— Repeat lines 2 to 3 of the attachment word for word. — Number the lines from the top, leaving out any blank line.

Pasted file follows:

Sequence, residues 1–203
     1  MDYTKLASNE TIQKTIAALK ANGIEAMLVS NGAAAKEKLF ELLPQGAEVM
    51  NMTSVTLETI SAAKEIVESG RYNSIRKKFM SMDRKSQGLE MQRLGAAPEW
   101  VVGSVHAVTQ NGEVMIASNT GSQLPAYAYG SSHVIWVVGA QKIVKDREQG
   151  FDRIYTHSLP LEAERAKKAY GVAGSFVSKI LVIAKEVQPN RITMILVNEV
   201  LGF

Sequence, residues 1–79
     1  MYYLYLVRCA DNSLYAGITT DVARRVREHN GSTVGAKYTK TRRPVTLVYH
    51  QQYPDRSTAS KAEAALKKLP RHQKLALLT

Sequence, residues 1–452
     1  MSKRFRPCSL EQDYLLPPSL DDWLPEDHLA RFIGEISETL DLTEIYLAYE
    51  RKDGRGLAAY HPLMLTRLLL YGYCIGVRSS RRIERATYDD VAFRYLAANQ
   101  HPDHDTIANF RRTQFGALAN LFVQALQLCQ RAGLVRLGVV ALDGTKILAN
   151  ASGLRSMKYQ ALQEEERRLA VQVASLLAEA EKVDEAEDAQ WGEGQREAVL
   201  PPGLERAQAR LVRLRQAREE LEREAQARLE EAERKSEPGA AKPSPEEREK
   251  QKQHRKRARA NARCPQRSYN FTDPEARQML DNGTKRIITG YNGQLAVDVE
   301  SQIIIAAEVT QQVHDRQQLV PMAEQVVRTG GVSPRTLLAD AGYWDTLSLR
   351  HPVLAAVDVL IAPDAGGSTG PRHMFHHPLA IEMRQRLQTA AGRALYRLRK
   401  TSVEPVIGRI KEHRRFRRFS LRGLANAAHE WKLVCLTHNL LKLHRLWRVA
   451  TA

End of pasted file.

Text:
     1  MDYTKLASNE TIQKTIAALK ANGIEAMLVS NGAAAKEKLF ELLPQGAEVM
    51  NMTSVTLETI SAAKEIVESG RYNSIRKKFM SMDRKSQGLE MQRLGAAPEW